Monday, April 19, 2010
Secrets to Natural Health and Weight Loss - Garlic & Corn
When it comes to weight loss, garlic appears to be a miracle food. It contains the compound allicin which has anti-bacterial effects and helps reduce unhealthy fats and cholesterol.
Once you learn to appreciate its pungency, most anything tastes better with garlic. And once you learn its possible health benefits, you may learn to love it.
The list of health benefits just seems to grow and grow. From preventing heart disease and cancer to fighting off infections, researchers are finding encouraging results with garlic. Behind all the grandiose claims are the compounds that give garlic its biting flavor. The chief health-promoting "ingredients" are allicin and dialyl sulfide, sulfur-containing compounds. Although allicin is destroyed in cooking, other helpful compounds are formed by heat or aren't destroyed by it. This lets cooked garlic give you a health boost. Garlic also contains the powerful antioxidants C and E, and the mineral selenium.
Garlic has been found to lower levels of LDL cholesterol, the "bad" cholesterol, and raise HDL cholesterol, the "good" cholesterol in the short term. Its effects last about three months when taken daily. It may also help to dissolve clots that can lead to heart attacks and strokes. Even when cooked, garlic helps keep cholesterol in your bloodstream from oxidizing and damaging the lining of your blood vessels, which helps prevent the formation of plaque.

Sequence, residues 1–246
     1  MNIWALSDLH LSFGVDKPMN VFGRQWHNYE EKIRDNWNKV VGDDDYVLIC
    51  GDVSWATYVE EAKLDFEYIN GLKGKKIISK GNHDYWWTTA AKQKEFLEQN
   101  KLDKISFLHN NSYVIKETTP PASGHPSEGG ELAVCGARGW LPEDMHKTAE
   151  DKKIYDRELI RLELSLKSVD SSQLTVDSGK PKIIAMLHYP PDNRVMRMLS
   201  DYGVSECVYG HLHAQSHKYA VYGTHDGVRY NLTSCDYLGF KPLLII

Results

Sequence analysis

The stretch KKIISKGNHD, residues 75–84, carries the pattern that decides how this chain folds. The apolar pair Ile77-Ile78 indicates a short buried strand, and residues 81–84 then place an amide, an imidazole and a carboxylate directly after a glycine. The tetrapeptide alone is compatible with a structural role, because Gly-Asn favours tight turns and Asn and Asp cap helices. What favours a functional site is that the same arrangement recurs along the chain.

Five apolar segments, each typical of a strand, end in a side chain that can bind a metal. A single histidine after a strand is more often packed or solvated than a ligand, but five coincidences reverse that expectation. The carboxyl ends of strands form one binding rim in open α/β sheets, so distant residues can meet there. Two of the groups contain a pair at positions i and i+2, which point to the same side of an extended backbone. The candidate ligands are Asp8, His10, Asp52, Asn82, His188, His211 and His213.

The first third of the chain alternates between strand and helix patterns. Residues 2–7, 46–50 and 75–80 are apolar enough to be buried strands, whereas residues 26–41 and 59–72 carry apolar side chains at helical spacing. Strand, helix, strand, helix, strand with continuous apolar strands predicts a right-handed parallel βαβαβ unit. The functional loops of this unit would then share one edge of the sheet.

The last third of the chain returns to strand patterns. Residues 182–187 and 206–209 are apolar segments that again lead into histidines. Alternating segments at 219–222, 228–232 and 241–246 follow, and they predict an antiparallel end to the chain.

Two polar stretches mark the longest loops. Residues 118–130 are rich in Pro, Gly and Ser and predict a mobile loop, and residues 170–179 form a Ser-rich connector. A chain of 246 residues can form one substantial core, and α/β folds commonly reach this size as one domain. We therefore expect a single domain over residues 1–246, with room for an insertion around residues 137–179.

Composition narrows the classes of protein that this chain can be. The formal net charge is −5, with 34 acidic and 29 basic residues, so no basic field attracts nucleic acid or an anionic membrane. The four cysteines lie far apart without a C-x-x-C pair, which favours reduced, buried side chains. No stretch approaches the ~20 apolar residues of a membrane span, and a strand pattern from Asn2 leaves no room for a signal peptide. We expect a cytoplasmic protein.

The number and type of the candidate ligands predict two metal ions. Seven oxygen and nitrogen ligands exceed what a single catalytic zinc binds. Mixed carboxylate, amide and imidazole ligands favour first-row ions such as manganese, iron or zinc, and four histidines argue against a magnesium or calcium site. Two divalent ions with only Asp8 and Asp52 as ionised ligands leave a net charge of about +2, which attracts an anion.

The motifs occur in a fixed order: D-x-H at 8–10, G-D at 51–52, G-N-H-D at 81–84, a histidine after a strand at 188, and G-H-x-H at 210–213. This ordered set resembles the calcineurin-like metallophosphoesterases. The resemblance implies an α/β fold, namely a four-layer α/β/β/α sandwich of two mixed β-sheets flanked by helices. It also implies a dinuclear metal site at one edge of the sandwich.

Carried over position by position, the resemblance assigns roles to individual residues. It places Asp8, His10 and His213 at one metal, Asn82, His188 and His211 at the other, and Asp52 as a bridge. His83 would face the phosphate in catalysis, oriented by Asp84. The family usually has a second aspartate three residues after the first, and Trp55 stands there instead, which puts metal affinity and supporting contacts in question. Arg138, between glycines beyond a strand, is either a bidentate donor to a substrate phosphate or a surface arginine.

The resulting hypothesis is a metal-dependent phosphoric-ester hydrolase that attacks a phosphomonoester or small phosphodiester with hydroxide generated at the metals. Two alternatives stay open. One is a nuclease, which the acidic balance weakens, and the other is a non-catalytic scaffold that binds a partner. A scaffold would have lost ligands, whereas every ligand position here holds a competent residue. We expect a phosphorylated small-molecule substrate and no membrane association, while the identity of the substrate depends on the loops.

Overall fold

Garlic has also been found to inhibit the growth of, or even kill, several kinds of bacteria, including Staphylococcus and Salmonella, as well as many fungi and yeast. Animal studies have found that garlic helps prevent colon, lung, and esophageal cancers. How much is enough? Researchers suggest you can enjoy the benefits of garlic every day by eating a typical clove weighing 3 grams.
But these high-fiber, fat-fighting kernels of goodness are better served with seasoning. Because corn is hearty and satisfying, it can curb your appetite.
This popular food is high in fiber. In fact, it's notoriously hard to digest. But its insoluble fiber is tops at tackling common digestive ailments (like constipation and hemorrhoids) by absorbing water, which swells the stool and speeds its movement.
Corn is a surprising source of several vitamins, including folic acid, niacin, and vitamin C. The folic acid in corn is now known to be an important factor in preventing neural-tube birth defects. It's just as important in preventing heart disease, according to studies that show folic acid can prevent a buildup of homocysteine, an amino acid, in the body. Long-term elevation of homocysteine has been linked to higher rates of heart disease; folic acid helps break it down.